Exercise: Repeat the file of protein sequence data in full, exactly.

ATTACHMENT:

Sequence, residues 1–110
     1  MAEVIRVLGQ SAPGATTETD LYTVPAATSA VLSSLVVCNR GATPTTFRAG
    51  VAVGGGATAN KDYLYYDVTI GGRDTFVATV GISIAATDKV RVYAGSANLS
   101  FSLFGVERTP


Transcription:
Sequence, residues 1–110
     1  MAEVIRVLGQ SAPGATTETD LYTVPAATSA VLSSLVVCNR GATPTTFRAG
    51  VAVGGGATAN KDYLYYDVTI GGRDTFVATV GISIAATDKV RVYAGSANLS
   101  FSLFGVERTP